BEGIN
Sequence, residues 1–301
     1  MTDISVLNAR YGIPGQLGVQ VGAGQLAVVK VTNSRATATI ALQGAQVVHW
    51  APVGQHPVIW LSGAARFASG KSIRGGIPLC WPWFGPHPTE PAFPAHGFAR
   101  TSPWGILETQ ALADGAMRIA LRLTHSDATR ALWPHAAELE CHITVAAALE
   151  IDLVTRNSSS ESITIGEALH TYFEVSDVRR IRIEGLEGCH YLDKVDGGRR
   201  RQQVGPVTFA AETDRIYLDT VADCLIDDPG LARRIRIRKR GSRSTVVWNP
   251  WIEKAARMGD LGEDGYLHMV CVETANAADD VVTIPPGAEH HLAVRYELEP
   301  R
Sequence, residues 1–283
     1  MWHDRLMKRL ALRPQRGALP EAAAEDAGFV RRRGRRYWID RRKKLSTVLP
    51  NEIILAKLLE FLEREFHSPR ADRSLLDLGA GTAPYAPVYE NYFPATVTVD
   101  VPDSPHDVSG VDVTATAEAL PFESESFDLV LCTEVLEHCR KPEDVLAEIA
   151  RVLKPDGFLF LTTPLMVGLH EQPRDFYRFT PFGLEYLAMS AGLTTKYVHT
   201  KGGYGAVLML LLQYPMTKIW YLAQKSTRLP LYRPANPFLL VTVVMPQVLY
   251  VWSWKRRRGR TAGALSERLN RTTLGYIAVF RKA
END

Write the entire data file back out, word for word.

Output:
Sequence, residues 1–301
     1  MTDISVLNAR YGIPGQLGVQ VGAGQLAVVK VTNSRATATI ALQGAQVVHW
    51  APVGQHPVIW LSGAARFASG KSIRGGIPLC WPWFGPHPTE PAFPAHGFAR
   101  TSPWGILETQ ALADGAMRIA LRLTHSDATR ALWPHAAELE CHITVAAALE
   151  IDLVTRNSSS ESITIGEALH TYFEVSDVRR IRIEGLEGCH YLDKVDGGRR
   201  RQQVGPVTFA AETDRIYLDT VADCLIDDPG LARRIRIRKR GSRSTVVWNP
   251  WIEKAARMGD LGEDGYLHMV CVETANAADD VVTIPPGAEH HLAVRYELEP
   301  R
Sequence, residues 1–283
     1  MWHDRLMKRL ALRPQRGALP EAAAEDAGFV RRRGRRYWID RRKKLSTVLP
    51  NEIILAKLLE FLEREFHSPR ADRSLLDLGA GTAPYAPVYE NYFPATVTVD
   101  VPDSPHDVSG VDVTATAEAL PFESESFDLV LCTEVLEHCR KPEDVLAEIA
   151  RVLKPDGFLF LTTPLMVGLH EQPRDFYRFT PFGLEYLAMS AGLTTKYVHT
   201  KGGYGAVLML LLQYPMTKIW YLAQKSTRLP LYRPANPFLL VTVVMPQVLY
   251  VWSWKRRRGR TAGALSERLN RTTLGYIAVF RKA